Metal Gear Online • Page 3

Beta late than never.

Thankfully, it seems that element hasn't been overlooked. A new game mode, Sneaking Mission, added to the beta on 28th April, goes a long way to alleviating these concerns. It also comes with a new map, Midtown Maelstrom, taken from the Middle-Eastern town where the bulk of MGS4 takes place. With criss-crossing streets, buildings with multi-storey interiors and hundreds of hiding places that feel natural rather than designed, it actually feels like a real place and it's an absolute thrill to explore. Even better, these additions have magically appeared on the server end rather than via another interminable download.

As for the rather prosaically named Sneaking Missions, one player is randomly chosen to play as Snake and must creep up on a set number of other players and take their dog tags. The remaining players are split into red and blue teams and must not only battle each other, but also find Snake and kill him a set number of times. When there are a lot of players, an additional player can assist Snake to balance things out a little. The difference between this three-way stalk-'em-up and the rather lumpy Deathmatch and Capture modes is enormous. By playing to Metal Gear's strength, the result is a vast improvement and immediately more gripping. Playing as Snake is as tense as always, with the added frisson of knowing that you're hunting - and being hunted by - live opponents.

Snake has a limited weapon-set, but the weapons he does have are levelled up to include a stun knife and a powerful sniper rifle. He also has his OctoCamo camouflage ability, which automatically kicks in when you remain prone. Find a shady spot and lie still, and you're wonderfully invisible to all but the most eagle-eyed enemy. On my very first game in this mode, I managed to lie unseen in the middle of a shootout between the red and blue teams, emerging like the Predator to claim the victor. Hell, yes. That's exactly the sort of awesome war story you want to be taking away from an online Metal Gear game.

It's not just because Snake is involved, but this is a mode that finally feels like Metal Gear. It's scary and paranoid and, yes, tactical. You need cunning to survive as Snake, and balls of steel to emerge from hiding to bring someone down. And while you'd think that only the person lucky enough to play as Snake would relish this mode, it's just as much fun to be on one of the teams. Simply by making you aware that Snake could grab you at any moment, it offers a nice twist on the usual Metal Gear experience and might make you feel a little empathy for the hapless guards whose necks you so casually snap in the solo game.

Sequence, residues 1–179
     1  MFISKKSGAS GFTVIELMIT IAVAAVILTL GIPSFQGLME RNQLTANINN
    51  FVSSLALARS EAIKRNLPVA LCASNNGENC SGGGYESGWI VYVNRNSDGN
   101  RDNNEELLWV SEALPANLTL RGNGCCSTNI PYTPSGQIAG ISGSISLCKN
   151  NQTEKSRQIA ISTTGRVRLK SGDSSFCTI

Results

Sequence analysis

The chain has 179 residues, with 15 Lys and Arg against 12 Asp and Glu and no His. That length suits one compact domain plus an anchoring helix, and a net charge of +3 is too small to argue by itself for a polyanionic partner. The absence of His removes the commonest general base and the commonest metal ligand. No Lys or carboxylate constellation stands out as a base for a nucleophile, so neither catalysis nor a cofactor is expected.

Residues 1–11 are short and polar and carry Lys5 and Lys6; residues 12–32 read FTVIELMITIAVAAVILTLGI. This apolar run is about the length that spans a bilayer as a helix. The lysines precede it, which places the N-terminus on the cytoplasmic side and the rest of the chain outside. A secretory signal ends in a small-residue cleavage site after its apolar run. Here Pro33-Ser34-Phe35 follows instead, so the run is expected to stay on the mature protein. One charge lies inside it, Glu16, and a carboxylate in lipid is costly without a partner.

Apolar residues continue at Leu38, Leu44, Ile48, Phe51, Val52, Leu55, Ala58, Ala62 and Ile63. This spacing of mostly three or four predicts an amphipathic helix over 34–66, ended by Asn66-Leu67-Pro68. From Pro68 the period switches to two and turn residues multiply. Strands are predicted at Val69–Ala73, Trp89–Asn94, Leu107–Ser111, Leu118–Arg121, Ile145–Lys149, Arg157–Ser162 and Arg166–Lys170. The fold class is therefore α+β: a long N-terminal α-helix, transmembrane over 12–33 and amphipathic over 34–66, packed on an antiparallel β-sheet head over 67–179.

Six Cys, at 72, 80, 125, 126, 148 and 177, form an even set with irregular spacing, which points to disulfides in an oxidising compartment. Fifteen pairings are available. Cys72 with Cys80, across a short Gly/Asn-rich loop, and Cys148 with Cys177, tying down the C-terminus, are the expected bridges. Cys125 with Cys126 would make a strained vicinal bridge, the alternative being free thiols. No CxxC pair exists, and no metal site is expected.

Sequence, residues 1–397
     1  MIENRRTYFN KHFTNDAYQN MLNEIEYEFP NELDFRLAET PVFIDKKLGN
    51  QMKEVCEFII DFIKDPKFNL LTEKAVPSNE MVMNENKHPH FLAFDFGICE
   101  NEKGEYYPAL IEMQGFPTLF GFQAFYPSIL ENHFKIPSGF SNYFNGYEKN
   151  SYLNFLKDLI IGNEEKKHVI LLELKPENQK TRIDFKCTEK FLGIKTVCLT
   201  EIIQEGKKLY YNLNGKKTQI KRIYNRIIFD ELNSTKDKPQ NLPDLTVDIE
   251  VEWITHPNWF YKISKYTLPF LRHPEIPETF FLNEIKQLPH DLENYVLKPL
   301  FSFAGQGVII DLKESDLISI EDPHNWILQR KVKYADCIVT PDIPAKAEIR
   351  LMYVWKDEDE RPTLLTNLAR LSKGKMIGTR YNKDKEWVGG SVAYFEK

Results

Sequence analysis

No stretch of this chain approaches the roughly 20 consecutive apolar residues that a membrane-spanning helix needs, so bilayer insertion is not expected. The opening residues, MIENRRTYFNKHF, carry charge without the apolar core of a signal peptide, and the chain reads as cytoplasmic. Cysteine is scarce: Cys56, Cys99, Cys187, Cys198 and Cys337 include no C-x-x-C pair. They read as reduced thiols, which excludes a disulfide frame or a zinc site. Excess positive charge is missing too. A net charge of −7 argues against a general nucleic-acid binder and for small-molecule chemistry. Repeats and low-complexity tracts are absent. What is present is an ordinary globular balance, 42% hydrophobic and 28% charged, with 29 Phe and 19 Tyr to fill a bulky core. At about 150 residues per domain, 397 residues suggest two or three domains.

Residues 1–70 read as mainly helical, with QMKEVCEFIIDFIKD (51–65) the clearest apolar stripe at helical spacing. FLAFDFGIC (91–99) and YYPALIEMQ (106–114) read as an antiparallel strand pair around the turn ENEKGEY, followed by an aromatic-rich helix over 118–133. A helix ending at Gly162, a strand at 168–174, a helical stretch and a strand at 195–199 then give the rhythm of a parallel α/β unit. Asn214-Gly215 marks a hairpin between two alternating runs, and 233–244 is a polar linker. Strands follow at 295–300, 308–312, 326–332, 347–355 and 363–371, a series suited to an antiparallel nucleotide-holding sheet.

The sexual tension is often unbearable.

By concentrating on stealth, mastery of the Metal Gear control system is a huge help rather than the hindrance it often becomes in the more traditional online modes. The full set of moves is suddenly vital, and the advantages to using cover and practising silent kills is self evident. There are some peculiar wrinkles, though, mostly connected to the way scores are divvied up. Playing as Snake, I settled down into a camouflaged spot and sniped enemies as they approached up the street. It didn't take them long to suss out what I was doing and flank me, and I soon lost my three lives. However, because I'd clocked up enough kills - but without collecting any dogtags - I still ranked first for the match. I won and lost at the same time. Weird, but nothing to fret about too much.

Given just how exciting and specific to the Metal Gear experience Sneaking Mission is, I'm left wondering why Konami launched the beta with the most generic modes possible. In fact, I'm not even sure why they're included at all. Certainly people will always want to just run around and shoot at each other, but there are dozens of online games that let them do that already. In Sneaking Mission, Metal Gear Online has its secret weapon - a game mode that goes far beyond the basic online offerings of Metal Gear Solid 3 and Portable Ops. In doing so it promises to live up to the promise of multiplayer action in Solid Snake's universe. Here's hoping that Konami continue to develop more play options in this direction and leave the run-and-gun fragfests to the other franchises.

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About the author

Dan Whitehead

Dan Whitehead


Dan has been writing for Eurogamer since 2006 and specialises in RPGs, shooters and games for children. His bestest game ever is Julian Gollop's Chaos.


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